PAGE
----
Principles of Decorative Design
by Christopher Dresser
Publisher: Cassell, Petter, Galpin & Co. 1875
Number of pages: 182
My object in writing this work has been that of aiding in the art-education of those who seek a knowledge of ornament as applied to our industrial manufactures. I have not attempted the production of a pretty book, but have aimed at giving what knowledge I possess upon the subjects treated of, in a simple and intelligible manner. I have attempted simply to instruct.
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by Jane Adlin - Metropolitan Museum of Art
The collection shows the extraordinary breadth of styles postwar artists have been able to create. The experimentation of the early pottery-making 'rule breakers' of the era gave rise to one of the most creative periods in the history of ceramics.
by Thomas F. Googerty - The Bruce publishing company
This book is written by a man who is now recognized as a master craftsman in wrought metal. Hes work in wrought iron is comparable in design and finish to the best work that has been produced in that material. The author has moreover been a teacher.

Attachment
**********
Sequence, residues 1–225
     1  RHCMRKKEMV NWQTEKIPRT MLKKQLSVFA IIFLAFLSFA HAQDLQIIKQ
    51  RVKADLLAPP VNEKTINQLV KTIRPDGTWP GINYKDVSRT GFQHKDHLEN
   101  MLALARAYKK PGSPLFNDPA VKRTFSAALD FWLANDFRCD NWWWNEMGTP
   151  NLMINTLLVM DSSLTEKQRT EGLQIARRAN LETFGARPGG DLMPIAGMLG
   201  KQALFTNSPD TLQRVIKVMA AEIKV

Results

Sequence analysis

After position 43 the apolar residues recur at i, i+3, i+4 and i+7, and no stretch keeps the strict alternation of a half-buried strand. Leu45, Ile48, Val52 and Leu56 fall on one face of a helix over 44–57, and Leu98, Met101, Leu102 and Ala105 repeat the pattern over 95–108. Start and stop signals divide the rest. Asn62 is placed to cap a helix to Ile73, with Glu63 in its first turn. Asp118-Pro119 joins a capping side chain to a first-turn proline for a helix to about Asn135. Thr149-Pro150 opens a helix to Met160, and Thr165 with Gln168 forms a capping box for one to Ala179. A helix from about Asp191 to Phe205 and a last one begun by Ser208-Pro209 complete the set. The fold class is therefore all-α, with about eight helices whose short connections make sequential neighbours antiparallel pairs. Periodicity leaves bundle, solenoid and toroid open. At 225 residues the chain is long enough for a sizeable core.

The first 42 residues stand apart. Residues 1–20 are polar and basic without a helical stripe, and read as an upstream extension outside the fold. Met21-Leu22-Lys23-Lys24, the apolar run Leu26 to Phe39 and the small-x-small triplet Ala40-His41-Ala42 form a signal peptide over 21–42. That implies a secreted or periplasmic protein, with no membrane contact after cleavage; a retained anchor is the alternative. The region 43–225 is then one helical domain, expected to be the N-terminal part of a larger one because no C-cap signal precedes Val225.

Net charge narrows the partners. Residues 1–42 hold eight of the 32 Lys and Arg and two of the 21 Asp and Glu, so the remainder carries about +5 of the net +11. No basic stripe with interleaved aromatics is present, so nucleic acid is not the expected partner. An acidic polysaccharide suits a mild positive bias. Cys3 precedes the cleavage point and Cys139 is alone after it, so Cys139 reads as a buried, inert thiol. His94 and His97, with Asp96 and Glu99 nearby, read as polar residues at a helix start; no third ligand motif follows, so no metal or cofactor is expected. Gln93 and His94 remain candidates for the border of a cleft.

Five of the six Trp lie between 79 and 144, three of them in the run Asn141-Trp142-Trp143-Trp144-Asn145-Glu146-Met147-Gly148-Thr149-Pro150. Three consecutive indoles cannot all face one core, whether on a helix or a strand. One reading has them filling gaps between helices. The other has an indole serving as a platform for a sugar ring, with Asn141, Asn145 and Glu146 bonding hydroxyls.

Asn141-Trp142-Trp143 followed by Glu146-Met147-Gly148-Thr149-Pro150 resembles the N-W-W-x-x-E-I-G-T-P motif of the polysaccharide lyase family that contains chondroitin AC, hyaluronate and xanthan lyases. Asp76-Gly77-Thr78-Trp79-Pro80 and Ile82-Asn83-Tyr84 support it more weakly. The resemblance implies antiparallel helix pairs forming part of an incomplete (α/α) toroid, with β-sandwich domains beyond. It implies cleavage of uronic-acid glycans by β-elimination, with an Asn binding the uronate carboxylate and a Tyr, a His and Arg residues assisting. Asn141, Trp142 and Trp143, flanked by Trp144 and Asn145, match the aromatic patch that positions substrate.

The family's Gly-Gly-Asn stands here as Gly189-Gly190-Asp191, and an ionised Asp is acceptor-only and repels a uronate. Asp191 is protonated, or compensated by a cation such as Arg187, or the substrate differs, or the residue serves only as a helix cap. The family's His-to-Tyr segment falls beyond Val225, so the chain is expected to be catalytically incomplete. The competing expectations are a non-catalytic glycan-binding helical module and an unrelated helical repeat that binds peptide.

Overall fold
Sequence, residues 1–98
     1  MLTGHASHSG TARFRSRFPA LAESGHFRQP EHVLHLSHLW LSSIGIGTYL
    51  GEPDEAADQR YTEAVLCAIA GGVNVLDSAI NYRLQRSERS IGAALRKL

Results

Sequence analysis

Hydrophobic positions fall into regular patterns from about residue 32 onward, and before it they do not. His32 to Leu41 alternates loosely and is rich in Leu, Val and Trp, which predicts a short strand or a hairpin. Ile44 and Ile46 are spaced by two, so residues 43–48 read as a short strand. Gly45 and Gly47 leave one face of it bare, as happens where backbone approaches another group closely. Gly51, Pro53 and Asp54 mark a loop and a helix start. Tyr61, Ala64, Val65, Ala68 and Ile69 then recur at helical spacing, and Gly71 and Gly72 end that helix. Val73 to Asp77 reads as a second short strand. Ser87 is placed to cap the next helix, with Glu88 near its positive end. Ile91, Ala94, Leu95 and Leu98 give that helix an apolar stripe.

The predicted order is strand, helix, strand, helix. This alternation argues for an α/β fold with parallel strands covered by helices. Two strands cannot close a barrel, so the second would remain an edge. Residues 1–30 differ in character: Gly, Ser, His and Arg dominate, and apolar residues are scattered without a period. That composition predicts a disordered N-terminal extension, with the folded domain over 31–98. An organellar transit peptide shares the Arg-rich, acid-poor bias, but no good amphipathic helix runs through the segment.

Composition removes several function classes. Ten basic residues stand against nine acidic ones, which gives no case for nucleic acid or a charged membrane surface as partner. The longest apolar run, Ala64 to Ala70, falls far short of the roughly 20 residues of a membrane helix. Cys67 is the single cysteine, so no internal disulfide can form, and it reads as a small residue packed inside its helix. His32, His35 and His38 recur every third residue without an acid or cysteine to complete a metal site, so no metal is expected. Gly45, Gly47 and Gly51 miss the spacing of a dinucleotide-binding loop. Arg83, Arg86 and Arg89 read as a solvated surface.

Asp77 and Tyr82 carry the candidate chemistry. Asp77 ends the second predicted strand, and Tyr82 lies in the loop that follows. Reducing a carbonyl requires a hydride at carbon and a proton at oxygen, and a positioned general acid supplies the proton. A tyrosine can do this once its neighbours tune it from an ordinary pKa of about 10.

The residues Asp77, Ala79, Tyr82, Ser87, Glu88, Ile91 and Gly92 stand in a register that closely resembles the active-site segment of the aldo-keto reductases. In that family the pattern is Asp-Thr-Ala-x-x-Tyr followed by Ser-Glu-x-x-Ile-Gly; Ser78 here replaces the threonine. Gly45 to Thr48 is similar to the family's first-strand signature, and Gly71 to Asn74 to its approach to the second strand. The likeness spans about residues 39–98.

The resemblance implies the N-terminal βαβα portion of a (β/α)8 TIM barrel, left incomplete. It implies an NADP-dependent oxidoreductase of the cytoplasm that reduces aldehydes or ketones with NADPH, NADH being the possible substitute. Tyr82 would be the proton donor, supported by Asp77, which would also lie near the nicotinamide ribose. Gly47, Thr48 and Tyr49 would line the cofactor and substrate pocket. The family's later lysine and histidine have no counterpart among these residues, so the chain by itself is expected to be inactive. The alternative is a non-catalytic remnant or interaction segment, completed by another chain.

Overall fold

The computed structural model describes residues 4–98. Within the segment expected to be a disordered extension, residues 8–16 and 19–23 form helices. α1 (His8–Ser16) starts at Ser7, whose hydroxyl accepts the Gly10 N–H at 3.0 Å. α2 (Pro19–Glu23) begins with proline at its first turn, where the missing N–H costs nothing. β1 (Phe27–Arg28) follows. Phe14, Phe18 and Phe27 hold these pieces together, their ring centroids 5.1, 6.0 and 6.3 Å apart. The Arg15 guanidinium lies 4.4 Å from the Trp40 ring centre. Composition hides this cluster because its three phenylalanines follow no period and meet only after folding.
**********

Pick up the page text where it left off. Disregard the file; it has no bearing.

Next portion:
by Emily Burbank - Dodd, Mead and Co.
This illustrated book is a brief guide for the woman who would understand her own type, make the most of it, and know how simple a matter it is to be decorative if she will but master the few rules underlying all successful dressing.
by Paul D. Otter - Davis Williams Co.
The author concentrates on furniture of the middle class, this puts design within reach of the amateur craftsman, as well as the hobbyist who will spend his weekends making sawdust and turned legs. Hobbyists will find a fund of furniture ideas.